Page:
A majority of Mehus' works representing battles and landscapes are in private collections while various altarpieces and canvases with religious and mythological subjects are on display in churches and museums. He is also known for a few self-portraits and the portrait of the blind sculptor Giovanni Francesco Gonnelli, called the Ciego de Gambazo, demonstrates his strengths as a portrait painter and the portrait of Gambazo anticipates the best of what Giacomo Ceruti produced a generation later.[5]

The apple of discord thrown among the gods

Livio Mehus was also sought out as a figure painter and painted the staffage in the landscapes of Crescenzio Onofri, a pupil of Gaspard Dughet.[6] An example is the Landscape with gulf and port (Italian House of Representatives in Rome).[7]

His best-known works are the pair of Genius of painting (Museo del Prado, Madrid) and Genius of sculpture (Palazzo Pitti, Florence) both painted c. 1650. The pair of paintings demonstrate his notions of excellence in art. When the Genius of painting was acquired by the Prado in 2000, it was attributed to Velazquez.[8] In the first work, the youthful genius of painting is depicted making a copy of the now destroyed Martyrdom of Saint Peter by Titian. The child is thus learning his craft from Titian, in Mehus' time regarded as the epitome of the Venetian school of colourists. In the Genius of sculpture, the genius of sculpture is drawing a classical statue, thus extoling the primacy of ancient sculpture and the skill of drawing. In both works Mehus included a portrait of himself looking straight at the viewer, clearly associating himself with the qualities he most admired in art.[9]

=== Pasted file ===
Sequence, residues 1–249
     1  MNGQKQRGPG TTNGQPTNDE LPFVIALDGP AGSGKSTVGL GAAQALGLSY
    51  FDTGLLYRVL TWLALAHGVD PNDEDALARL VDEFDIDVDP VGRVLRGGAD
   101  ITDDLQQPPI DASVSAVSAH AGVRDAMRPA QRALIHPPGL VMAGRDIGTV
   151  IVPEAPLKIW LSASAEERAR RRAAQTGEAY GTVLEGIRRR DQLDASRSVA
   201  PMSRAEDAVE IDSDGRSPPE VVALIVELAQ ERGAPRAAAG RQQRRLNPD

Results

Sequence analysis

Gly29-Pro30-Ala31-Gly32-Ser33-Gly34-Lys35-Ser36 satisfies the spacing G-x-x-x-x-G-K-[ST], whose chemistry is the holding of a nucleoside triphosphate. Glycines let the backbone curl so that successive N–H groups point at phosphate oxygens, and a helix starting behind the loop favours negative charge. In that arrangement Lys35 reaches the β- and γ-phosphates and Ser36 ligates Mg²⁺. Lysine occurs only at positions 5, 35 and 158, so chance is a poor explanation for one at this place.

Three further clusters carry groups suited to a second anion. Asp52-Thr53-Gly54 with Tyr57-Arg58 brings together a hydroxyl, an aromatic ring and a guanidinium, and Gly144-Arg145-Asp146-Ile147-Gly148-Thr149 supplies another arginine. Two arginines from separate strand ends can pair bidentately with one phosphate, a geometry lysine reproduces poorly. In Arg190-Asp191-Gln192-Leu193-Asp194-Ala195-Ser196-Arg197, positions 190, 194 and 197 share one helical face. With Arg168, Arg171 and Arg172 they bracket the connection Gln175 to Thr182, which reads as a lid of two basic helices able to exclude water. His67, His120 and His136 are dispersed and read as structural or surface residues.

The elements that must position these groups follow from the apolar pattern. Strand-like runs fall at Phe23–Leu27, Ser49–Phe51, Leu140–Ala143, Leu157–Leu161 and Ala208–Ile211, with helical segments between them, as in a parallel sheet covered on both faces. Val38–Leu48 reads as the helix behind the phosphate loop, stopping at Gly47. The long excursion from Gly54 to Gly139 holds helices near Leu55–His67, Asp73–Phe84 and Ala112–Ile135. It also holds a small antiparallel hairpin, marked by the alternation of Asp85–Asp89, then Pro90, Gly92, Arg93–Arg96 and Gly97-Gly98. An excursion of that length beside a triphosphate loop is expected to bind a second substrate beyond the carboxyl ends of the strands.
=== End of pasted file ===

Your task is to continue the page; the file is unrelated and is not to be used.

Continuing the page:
Mehus was also known as a landscape painter. His landscapes often include mythological or genre scenes. Examples are the Wrestlers in a Landscape and the Huntresses Resting (both in the Museum of Fine Arts, Boston).[10]

References[edit]

Italian river landscape with fishermen and shepherds
  1. ^ Other name variations: Livius Mehus, Lieven Mehuys, Livio Mehuys, Livius Mehuys, Lieven Meus, Livio Meus, Livius Meus
  2. ^ Lieven Mehus at the Netherlands Institute for Art History (Dutch)
  3. ^ Frederik Antoon Spyers, Lieven Mehus, In: Belgisch museum voor de Nederduitsche tael- en letterkunde en de geschiedenis des vaderlands. Deel 3 (1839), J.F. Willems, Belgisch Museum, p. 54-77 (Dutch)
  4. ^ Hermann Van Duyse, Liévin Mehus] in: Biographie Nationale de Belgique, Volume 14, p. 293-300 (French)
  5. ^ Piero Pacini, La memoria che nutre le immagini (alcune note su due notturni di Livio Mehus, In: Miles L. Chappell, Mario Di Giampaolo, Serena Padovani, 'Arte, collezionismo, conservazione: scritti in onore di Marco Chiarini', Taylor & Francis, 2004, p. 301-304 (Italian)
  6. ^ Crescenzio Onofri (Rome 1632(?)-after 1712 Florence), An extensive landscape with a villa, figures in trees in the foreground at Bonhams.
  7. ^ Crescenzio Onofri; Livio Mehus, Paesaggio con golfo e porto at the Italian House of Representatives (Italian)
  8. ^ Mehus, Livio at the Prado (Spanish)
  9. ^ Melbourne Winter Masterpieces, Italian Masterpieces from Spain's Royal Court, Museo del Prado, Exhibition Wall Texts, National Gallery of Victoria, p. 30
  10. ^ Livio Mehus works at the Museum of Fine Arts, Boston (Italian)

External links[edit]

Media related to Livio Mehus at Wikimedia Commons